Header Graphic
menu top
  Go To Daylily Terms

Go To Daylily Image Map

Go to AHS Home Page
menu bottom




A category of classification lower than a genus or subgenus and above a subspecies or variety. A group of animals or plants that possess in common one or more characteristics that distinguish them from other similar groups, and do or may interbreed and reproduce their characteristics in their offspring, exhibiting between each other only minor differences bridged over by intermediate forms and differences ascribable to age, sex, polymorphism, individual peculiarity or accident, or to selective breeding. A distinct kind of animal or plant.

In daylilies, the species are native to eastern Asia. These are dayliles found growing "in the wild" in the locations in which they originated.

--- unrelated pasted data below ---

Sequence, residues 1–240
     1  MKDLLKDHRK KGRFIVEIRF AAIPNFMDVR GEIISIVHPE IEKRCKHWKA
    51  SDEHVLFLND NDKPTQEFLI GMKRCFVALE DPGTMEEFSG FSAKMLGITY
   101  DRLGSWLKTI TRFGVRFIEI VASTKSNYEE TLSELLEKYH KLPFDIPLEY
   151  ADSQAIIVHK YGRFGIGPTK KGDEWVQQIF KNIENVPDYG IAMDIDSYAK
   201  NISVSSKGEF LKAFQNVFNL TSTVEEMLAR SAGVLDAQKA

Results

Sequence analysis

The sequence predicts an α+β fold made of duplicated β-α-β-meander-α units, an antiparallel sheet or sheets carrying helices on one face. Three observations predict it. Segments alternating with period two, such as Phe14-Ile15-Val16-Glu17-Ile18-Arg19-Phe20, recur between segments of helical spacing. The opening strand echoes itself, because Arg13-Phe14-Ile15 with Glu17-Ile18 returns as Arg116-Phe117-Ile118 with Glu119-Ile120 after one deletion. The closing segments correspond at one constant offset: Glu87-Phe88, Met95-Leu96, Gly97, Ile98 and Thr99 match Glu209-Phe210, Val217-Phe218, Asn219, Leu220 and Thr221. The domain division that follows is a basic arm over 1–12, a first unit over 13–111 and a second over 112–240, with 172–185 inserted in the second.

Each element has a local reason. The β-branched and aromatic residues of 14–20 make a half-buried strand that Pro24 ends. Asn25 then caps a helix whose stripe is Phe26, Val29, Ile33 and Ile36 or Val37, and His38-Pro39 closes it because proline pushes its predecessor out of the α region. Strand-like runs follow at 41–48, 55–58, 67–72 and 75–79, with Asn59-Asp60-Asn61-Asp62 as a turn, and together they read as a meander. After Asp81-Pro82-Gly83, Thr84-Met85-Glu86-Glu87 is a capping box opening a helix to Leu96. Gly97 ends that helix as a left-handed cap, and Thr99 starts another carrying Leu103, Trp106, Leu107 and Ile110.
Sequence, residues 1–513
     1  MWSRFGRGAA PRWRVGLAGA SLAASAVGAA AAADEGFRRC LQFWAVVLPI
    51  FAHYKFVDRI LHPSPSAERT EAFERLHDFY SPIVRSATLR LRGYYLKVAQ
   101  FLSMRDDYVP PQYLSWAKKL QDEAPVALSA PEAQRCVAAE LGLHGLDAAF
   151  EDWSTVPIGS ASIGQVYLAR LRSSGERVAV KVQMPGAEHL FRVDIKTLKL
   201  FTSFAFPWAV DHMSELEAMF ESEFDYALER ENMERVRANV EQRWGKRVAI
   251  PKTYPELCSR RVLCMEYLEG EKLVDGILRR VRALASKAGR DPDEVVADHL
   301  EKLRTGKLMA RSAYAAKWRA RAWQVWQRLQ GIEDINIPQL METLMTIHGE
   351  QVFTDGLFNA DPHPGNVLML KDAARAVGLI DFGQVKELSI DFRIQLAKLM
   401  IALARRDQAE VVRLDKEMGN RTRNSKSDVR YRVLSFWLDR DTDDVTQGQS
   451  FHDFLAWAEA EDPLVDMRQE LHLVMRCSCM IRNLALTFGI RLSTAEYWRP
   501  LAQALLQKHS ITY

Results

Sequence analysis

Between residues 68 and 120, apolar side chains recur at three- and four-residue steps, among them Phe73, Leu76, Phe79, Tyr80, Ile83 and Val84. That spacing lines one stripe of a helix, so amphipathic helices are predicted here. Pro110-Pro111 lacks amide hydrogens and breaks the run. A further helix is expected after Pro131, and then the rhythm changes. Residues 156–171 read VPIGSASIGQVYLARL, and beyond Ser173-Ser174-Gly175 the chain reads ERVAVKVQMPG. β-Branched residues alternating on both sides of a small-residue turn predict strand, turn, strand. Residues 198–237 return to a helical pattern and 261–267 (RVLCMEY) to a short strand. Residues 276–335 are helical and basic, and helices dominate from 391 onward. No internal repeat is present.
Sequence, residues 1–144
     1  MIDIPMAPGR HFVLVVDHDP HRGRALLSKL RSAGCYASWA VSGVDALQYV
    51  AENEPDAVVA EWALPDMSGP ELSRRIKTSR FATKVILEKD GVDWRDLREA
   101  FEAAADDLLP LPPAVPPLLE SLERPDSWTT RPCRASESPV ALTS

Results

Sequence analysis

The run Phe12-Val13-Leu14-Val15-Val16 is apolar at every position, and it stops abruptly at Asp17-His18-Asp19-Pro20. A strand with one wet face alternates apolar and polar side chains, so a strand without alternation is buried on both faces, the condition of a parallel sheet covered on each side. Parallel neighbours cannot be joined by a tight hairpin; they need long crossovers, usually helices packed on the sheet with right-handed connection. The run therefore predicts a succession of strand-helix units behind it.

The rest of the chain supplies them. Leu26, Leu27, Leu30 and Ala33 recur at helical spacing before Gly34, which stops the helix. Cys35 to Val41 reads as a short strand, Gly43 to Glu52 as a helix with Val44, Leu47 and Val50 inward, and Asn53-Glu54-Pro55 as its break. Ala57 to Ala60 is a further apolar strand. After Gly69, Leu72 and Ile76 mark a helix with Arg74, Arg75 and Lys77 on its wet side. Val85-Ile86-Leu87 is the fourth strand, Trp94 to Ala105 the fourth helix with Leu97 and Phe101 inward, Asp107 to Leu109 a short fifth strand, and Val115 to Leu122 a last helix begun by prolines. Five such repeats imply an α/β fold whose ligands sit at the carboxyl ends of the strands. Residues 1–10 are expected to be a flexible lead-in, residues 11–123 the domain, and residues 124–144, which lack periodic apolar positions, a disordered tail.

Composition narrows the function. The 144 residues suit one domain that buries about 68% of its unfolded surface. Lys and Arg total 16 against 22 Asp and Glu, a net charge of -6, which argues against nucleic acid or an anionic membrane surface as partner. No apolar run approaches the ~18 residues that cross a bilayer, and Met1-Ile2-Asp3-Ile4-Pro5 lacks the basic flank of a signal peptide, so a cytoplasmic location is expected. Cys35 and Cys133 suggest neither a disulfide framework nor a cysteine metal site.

The species represent a unique breeding population in the wild, with some diversity of height, color and bud count being present. When two members of the same species cross pollinate the resulting seedlings are still considered to be of that species and are not new hybrids. Selected clones may be singled out and reproduced vegatatively as well.

Commonly available species include, but are not limited to: H. minor, H. flava, H. fulva, H. multiflora, H. dumortierii, H. middendorffii, and H. altissima .

Photo: Bobbie Brooks, used with permission. Species: H. Citrina
Photo: Timm Kuster, used with permission. Species: H. Middendoffii

© Copyright 2000, 2007, 2012 by the American Hemerocallis Society, Inc.
Content Bottom
Page Bottom